Crystal Parasite is a very interesting enemy that does a couple cool things. With its six health, it is a huge roadblock that can easily take away a full turn to deal with it. But you are warned about its arrival quite some time in advance.
This warning period is a double-edged sword. On the one hand, the turn you draw Chroma Blight you are basically getting a free pass to do what you want with nothing that you need to care about at that moment. So you don’t lose momentum at that point at all. However, when the treachery finally pops and the Parasite is put into play, it will be in addition to whatever other encounter card(s) you drew that turn. This is actually a trick that the Feast of Hemlock Vale campaign is very fond of and pulls off a couple times: Putting you in high pressure situations by spawning multiple enemies on you, by stacking treacheries on top of each other or in other ways forcing you to deal with multiple problems at the same time.
And when you take an enemy that by itself might just take a full turn to defeat and stack it with other things you can see how that can escalate.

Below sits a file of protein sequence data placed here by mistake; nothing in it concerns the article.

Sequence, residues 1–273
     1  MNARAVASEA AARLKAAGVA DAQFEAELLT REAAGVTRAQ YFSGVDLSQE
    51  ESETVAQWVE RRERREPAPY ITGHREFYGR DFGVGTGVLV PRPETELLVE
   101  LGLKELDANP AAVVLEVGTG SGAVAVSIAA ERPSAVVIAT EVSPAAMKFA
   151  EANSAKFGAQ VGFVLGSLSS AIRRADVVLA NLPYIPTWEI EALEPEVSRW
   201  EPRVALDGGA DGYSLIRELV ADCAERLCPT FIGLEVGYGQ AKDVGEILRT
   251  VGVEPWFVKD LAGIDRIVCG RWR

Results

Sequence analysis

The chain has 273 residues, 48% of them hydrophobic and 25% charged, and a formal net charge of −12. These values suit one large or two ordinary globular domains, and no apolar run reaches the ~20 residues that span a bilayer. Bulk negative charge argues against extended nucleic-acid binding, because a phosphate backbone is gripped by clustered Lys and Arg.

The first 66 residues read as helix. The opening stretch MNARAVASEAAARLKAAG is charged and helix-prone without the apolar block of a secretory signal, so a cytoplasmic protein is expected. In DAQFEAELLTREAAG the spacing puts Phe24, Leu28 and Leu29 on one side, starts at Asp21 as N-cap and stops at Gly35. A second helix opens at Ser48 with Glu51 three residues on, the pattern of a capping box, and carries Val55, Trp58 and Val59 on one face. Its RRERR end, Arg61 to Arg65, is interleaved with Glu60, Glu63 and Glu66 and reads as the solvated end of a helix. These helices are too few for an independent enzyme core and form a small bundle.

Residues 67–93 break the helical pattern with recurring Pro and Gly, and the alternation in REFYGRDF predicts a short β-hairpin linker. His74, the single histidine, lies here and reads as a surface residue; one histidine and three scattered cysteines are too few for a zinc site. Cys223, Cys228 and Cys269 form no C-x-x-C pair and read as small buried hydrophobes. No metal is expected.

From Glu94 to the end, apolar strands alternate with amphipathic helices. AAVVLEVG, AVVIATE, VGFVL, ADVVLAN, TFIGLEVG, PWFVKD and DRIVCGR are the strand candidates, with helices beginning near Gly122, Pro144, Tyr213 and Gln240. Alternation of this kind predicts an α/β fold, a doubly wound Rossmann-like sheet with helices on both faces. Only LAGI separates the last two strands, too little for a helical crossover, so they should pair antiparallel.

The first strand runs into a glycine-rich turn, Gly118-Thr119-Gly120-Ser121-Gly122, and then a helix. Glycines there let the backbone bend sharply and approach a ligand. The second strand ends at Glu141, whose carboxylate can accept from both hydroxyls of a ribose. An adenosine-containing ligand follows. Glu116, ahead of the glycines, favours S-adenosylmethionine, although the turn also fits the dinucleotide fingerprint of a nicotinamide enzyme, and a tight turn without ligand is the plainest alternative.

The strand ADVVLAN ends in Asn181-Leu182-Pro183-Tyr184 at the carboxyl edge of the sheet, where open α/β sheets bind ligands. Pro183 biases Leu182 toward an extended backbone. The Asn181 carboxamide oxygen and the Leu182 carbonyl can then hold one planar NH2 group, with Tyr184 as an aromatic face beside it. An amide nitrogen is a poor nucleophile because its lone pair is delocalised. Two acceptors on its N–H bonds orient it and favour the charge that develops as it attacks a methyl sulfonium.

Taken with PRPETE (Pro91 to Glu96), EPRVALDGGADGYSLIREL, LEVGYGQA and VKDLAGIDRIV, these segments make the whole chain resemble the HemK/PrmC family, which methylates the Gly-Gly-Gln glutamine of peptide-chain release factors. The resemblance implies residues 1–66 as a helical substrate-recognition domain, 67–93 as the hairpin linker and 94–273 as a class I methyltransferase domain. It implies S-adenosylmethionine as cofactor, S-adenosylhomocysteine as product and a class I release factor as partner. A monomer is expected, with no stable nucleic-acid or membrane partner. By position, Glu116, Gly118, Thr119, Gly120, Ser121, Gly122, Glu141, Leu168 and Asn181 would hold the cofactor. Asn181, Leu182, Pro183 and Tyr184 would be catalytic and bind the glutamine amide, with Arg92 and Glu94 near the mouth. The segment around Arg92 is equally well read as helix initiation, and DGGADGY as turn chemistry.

Taking a closer look at Chroma Blight first, we can see that we get an opportunity here to manipulate when the Parasite shows up. You could avoid drawing extra cards and it would take the thing six turns to arrive… by that time you might already have finished the scenario! On the other hand, you can use additional card draw to influence its timing or simply to get it out faster because you want that point of Victory on the bug. For timing, i see two basic options here: You can either spawn it intentionally during the investigator phase, which would mean that you possibly don’t have all your actions left but could make it available for your teammates. Or you could time it so the sixth counter goes on the Chroma Blight during upkeep (thankfully after the enemy phase!) so you can meet it with all your actions on the following turn. That does however mean that you go into Mythos with an enemy in your threat area, so that might introduce all sorts of complications ranging from a second enemy to Frozen in Fear.